At the AAAI-84 conference, more than 30 years ago, was a panel discussion on The Dark Ages of AI. Drew McDermott said in the article in AI Magazine (vol 6 no 3 1985):
In spite of all the commercial hustle and bustle around AI these days there’s a mood […] of deep unease among AI reserachers […]. This unease is due to the worry that that perhaps expectations about AI are too high, and that this will eventually end in disaster.
I have a real feeling of deja-vu. We have been there before, in the late 1960s, when the failed promises of instant high-quality machine translation caused what was dubbed the AI Winter, with all research funding being stopped. AI recovered, and twenty years later the same happened. And now again.
The situation has somewhat changed, as we have an abundance of data and processing power, but still no intelligence. The algorithms are still the same old ones we had before, only on a larger scale. Artificial neural networks are faster, and with Deep Learning they have become easier to use. We are replacing human engineering work (feature selection etc) by clever algorithms and are letting the machine find things out by itself.
The problem is that it works fine in some situations, and then it suddenly becomes the magic bullet. Everybody now has to do Deep Learning, as it has become the new marketing buzzword. AI is everywhere, but also nowhere, really. We do not know anything more about the world than we did before, but we can get fast computers to recognise patterns in data. No intelligence there. And if you are trying to calm down expectations you are not ‘disruptive’ enough.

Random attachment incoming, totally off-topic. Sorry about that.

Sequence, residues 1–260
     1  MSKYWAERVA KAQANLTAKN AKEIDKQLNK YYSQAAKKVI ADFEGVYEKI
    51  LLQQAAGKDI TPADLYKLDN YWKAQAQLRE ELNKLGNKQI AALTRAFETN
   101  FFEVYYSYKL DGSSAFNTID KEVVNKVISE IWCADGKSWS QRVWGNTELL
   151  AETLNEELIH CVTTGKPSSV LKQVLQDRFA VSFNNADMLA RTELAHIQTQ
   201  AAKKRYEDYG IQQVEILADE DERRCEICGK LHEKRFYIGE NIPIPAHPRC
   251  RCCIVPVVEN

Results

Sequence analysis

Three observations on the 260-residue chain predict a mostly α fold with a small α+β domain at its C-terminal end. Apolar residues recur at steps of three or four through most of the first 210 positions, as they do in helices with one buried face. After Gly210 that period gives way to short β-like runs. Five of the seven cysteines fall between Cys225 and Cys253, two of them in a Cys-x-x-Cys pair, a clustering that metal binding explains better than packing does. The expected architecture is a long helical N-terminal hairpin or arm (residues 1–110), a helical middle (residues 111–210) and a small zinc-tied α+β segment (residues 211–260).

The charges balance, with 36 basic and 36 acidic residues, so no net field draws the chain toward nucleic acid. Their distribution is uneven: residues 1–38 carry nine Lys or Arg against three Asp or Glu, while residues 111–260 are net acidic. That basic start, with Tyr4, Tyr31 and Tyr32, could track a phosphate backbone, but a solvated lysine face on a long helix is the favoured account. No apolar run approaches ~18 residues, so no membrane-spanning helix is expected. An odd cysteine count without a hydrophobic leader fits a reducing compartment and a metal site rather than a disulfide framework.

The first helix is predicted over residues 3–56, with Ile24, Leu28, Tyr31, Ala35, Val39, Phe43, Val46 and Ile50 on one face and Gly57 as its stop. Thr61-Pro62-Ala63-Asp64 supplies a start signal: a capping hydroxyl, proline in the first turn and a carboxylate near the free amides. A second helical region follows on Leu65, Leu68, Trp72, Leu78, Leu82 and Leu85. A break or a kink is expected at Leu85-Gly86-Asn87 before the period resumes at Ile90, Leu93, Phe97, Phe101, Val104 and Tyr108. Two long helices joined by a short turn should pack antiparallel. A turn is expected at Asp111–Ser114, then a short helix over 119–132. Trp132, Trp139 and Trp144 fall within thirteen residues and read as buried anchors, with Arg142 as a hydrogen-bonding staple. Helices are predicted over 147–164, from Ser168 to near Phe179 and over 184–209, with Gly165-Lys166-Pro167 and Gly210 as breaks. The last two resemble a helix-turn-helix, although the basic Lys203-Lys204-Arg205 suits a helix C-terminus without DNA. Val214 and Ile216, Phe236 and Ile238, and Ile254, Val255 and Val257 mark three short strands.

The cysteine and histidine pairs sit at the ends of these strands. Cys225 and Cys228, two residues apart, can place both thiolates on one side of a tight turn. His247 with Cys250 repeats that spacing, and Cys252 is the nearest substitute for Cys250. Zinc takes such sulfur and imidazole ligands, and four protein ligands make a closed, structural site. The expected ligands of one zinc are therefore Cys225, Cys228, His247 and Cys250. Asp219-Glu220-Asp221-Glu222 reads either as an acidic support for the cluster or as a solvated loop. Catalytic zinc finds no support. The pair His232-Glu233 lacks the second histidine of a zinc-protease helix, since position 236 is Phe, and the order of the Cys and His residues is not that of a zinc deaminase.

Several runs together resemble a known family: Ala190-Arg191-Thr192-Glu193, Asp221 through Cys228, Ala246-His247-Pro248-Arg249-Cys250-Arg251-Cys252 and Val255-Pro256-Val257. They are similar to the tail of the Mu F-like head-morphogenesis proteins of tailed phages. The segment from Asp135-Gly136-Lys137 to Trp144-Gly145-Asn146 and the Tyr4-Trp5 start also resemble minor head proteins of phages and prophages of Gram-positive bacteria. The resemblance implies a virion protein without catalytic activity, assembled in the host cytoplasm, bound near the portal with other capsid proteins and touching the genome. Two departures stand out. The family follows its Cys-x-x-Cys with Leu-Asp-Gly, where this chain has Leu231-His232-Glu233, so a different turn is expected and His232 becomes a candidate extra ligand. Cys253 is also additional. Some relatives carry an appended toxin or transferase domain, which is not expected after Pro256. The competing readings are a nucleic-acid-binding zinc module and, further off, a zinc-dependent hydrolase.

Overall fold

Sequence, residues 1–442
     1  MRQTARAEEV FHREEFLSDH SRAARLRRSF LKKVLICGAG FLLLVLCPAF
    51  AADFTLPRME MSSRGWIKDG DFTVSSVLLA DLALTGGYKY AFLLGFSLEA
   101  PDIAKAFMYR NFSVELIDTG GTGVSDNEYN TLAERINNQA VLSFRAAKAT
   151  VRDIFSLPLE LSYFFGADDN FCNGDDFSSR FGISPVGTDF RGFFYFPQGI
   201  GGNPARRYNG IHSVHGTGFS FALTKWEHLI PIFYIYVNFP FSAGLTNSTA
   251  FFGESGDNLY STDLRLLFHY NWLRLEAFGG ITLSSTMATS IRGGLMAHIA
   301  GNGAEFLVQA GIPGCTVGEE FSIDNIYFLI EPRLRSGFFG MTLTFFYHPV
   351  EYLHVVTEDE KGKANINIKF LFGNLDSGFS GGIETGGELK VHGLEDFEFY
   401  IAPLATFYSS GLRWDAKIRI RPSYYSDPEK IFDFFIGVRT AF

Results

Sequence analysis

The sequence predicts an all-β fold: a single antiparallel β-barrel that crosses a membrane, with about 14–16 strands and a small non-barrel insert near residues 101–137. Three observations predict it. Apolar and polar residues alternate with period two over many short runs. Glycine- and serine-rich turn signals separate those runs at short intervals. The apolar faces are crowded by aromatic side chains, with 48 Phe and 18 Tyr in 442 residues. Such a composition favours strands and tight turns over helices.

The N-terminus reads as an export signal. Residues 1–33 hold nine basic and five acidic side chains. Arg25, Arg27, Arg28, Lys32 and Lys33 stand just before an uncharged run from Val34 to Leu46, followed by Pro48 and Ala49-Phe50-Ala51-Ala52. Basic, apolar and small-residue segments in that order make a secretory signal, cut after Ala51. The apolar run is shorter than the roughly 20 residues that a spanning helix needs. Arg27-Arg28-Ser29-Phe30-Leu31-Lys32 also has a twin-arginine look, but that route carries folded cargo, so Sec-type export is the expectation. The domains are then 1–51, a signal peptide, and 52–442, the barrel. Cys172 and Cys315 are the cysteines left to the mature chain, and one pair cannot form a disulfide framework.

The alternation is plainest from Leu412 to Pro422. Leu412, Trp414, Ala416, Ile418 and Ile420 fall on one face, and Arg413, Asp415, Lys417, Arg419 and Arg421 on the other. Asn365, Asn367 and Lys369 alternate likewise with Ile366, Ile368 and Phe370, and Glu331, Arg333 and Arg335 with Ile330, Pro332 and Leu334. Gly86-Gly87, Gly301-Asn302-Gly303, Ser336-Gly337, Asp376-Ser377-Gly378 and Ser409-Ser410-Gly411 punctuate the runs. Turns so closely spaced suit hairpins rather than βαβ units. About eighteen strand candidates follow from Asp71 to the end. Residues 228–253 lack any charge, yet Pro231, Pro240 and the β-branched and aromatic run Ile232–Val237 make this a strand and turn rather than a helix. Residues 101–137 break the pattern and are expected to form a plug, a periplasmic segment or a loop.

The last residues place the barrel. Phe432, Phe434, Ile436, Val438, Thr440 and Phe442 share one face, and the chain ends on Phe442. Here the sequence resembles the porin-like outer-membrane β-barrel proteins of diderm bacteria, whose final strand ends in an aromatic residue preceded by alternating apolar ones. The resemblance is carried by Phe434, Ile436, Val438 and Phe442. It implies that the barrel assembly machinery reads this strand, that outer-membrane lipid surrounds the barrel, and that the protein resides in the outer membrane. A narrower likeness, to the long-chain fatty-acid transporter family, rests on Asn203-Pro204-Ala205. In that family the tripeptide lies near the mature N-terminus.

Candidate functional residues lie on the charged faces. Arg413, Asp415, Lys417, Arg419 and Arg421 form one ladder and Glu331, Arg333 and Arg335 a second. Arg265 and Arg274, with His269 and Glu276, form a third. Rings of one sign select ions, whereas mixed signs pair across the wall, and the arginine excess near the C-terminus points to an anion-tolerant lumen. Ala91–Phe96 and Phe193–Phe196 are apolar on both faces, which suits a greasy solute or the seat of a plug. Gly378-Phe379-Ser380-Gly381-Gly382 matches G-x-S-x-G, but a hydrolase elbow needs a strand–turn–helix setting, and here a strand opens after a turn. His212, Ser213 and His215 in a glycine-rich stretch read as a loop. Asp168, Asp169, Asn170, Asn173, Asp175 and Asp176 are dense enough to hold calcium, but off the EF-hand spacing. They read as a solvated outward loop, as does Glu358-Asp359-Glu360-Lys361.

It is only a question of time until it all comes crashing down, and AI will be be blamed for empty promises. We’ve been there before.
This all fits into the overall pattern of human behaviour. In Europe we are forgetting the lessons from the early 20th century, and nationalism is on the rise; it might seem a bit over the top to compare the current situation to 1930s Germany, but the point is that at the time people didn’t know what was happening. We now have the benefit of knowing where it can lead to, and it would be foolish to ignore the warning signs.
In AI as in society: history always repeats itself, and if you forget the past, you are condemmed to repeat it. (George Santayana)
Note: thanks to @DiegoKuonen for tweeting the reference to the AAAI-84 paper.